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Monday, Mar 4, 2024

Through our lens: foliage, fall, and the unexplored

Middlebury is a school that is largely defined by its outdoor access and culture. Yet, after four years of photographing Middlebury, as seniors we feel like the beautiful landscape surrounding the college is still underappreciated. If not underappreciated, then it is certainly underutilized.

Within a 30-minute drive from campus, there are a variety of waterfalls, lakes, hiking trails and scenic viewpoints. Within an hour, there are many more. And within an hour and a half, you may find yourself among some of the northeastern United States’ most enchanting views. The Green Mountains to the east, the Adirondacks to the west, and the numerous swimming holes sprinkled in between offer endless outdoor recreation opportunities for Middlebury students. 

While opportunities for outdoor recreation exist year-round in Vermont, autumn brings about a special aura in the landscape. New England, and Vermont in particular, boasts some of the most beautiful foliage in the country, drawing millions of visitors each year. What many people travel across the country to see, we have right at our fingertips.

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The Middlebury College Snowbowl at sunrise from above. This photo was created by taking multiple photos and stitching them together in a panorama.

Take it from two seniors — your Middlebury experience will pass you by quickly. During our first three years, we failed to take full advantage of all that autumn has to offer. Now, as we’re in the midst of our last fall in Vermont as college students, we finally prioritized capturing the fleeting foliage that surrounds us. And we didn’t have to travel very far.

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Fall colors surround the downtown of Middlebury, VT.

The scenes of leaves turning from deep greens to various flavors of orange around the Middlebury campus may feel sufficiently fulfilling. Admittedly, the views out to the west towards the Adirondacks from Bihall or to the east towards the Green Mountains from the rear windows of Davis are stunning during peak foliage.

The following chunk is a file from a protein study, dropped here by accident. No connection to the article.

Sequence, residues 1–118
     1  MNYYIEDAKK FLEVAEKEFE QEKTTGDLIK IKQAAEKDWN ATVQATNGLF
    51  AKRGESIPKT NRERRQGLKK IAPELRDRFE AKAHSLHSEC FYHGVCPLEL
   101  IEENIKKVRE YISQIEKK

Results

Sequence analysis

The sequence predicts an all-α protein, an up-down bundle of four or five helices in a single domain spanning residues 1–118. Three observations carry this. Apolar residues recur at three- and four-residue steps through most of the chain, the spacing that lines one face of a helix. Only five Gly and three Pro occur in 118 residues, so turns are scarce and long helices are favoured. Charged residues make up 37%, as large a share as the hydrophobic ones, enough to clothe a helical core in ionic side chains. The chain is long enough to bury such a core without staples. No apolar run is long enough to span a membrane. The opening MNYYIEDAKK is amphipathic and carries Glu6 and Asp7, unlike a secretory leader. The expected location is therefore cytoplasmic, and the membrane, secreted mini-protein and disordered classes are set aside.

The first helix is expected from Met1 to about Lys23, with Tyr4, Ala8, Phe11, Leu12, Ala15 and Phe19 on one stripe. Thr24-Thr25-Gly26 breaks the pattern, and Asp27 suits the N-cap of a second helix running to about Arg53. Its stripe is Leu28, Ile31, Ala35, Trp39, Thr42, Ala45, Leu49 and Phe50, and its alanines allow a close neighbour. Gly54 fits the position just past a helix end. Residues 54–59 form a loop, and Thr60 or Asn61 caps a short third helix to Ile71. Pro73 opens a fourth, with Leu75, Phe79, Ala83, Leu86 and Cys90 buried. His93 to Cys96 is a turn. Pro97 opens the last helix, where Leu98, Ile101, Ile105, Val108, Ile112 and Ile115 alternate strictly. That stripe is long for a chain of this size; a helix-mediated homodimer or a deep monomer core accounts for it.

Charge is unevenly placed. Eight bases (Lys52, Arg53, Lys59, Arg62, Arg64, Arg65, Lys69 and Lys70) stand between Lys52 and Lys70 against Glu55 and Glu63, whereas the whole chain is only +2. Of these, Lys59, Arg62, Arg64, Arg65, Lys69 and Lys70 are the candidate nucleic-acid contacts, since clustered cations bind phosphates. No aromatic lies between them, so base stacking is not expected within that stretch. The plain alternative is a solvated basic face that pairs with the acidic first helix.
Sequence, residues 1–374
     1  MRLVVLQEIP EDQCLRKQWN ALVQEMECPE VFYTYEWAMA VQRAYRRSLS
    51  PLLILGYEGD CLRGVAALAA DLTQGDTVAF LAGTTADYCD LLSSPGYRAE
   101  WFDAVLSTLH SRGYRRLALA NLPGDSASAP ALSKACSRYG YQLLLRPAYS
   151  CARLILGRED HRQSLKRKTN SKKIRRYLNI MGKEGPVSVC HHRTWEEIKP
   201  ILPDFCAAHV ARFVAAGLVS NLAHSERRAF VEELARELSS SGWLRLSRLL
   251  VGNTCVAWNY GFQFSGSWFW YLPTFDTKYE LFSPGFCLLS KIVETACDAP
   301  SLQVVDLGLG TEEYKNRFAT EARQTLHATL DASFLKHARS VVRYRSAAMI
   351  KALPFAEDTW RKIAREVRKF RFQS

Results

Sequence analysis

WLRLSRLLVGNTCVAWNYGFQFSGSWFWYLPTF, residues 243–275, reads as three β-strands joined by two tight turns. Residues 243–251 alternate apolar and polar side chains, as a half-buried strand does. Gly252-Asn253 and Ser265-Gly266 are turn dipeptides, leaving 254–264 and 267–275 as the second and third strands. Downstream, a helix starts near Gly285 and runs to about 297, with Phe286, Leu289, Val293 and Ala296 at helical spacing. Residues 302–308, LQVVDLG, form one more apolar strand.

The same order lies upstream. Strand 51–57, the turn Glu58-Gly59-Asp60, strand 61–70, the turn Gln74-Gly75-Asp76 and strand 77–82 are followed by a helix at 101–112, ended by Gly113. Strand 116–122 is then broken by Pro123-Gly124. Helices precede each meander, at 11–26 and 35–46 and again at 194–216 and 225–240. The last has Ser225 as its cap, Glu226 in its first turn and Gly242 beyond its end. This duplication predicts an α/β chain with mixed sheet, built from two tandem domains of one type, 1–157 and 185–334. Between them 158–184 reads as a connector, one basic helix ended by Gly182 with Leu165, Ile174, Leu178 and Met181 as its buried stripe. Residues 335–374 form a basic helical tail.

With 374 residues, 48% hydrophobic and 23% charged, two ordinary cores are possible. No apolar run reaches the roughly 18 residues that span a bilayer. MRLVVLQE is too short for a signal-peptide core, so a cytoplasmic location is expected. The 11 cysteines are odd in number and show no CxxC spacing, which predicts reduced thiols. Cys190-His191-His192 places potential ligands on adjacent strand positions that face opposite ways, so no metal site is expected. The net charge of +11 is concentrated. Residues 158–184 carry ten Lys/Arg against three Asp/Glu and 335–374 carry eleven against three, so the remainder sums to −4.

Just minutes beyond campus, however, there are endless opportunities not only to see the foliage but to immerse yourself in it. 

This semester, unlike my previous semesters at Middlebury, I, Sam, have spent many early mornings chasing quintessential autumn moments and photos that encapsulate them. From sunrise hikes at the Snow Bowl, to composing photos at Bristol Falls and long hikes in the Adirondacks, it has been a goal of mine to experience the fall moments that people travel from all over the country to witness. 

Two particular moments stand out. 

On a sunny day in early October, I decided to take advantage of a permit I had reserved for the renowned Indian Head Mountain hike in the Adirondack Mountain Reserve. I headed out with hopes of catching sunset on the mountaintop. As I drove across Lake Champlain towards the expansive Adirondacks heading to the trailhead, I couldn’t help but feel regret. Regret for the fact that this was my first time driving across this bridge, my first time venturing into the Adirondacks. As I neared the trailhead, the mountains rose more dramatically from the roadside, and the orange and red mountain sides began to dominate my view. I could not believe I had missed out on the beauty of the Adirondacks for the past three years. 

Five miles and 3,500 feet of elevation gain later, I summited Indian Head. The fjord-like views at the top of the mountain were some of the best I have seen during my time at Middlebury. The skinny Lower Ausable Lake cuts through the steep mountain sides, speckled with various shades of reds, oranges and yellows. 

After about an hour on the mountaintop, I found the composition for which I had been searching. As the sun dropped behind the western mountain face, I had forgotten about my regret, still in awe of the view and determined to capture the best photo of the scene as possible. I took the picture then quickly ran the 5 miles back to my car to make it back to Vermont in time for an evening Physics TA session.  

The next morning, I woke up an hour before sunrise to go for a sunrise paddle on the Sugar Hill Reservoir, just 30 minutes from campus. Sugar Hill sits inside Moosalamoo National Recreation Area, providing views of the gradually-rising Green Mountains. When I arrived, the reservoir was perfectly still and the air cool enough to emit a light fog from the surface of the water.